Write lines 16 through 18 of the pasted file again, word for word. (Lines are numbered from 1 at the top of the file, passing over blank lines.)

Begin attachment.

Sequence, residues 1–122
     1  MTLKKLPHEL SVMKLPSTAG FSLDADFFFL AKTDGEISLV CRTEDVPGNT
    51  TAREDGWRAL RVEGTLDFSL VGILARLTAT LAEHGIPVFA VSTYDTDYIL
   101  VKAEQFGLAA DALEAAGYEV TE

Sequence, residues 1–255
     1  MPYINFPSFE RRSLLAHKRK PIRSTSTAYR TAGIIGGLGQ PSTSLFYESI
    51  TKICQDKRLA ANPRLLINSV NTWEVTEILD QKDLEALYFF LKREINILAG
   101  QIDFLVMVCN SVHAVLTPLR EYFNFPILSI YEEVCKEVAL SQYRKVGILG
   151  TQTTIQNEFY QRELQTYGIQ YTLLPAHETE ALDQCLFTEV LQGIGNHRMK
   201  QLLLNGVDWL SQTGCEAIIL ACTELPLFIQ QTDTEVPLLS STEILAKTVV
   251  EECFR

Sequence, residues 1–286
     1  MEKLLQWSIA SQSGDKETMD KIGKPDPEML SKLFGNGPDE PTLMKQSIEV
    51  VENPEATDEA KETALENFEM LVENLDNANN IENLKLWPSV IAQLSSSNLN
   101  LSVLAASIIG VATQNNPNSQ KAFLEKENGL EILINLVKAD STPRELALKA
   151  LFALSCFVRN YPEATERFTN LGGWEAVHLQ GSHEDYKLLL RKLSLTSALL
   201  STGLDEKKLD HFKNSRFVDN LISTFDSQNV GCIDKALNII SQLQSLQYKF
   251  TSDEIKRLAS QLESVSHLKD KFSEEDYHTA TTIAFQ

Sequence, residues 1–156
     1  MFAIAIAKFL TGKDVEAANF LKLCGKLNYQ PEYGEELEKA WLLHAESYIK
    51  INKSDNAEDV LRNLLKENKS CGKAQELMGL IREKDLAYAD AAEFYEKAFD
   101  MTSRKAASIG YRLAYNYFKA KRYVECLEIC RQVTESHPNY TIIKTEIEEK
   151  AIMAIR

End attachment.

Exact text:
   151  LFALSCFVRN YPEATERFTN LGGWEAVHLQ GSHEDYKLLL RKLSLTSALL
   201  STGLDEKKLD HFKNSRFVDN LISTFDSQNV GCIDKALNII SQLQSLQYKF
   251  TSDEIKRLAS QLESVSHLKD KFSEEDYHTA TTIAFQ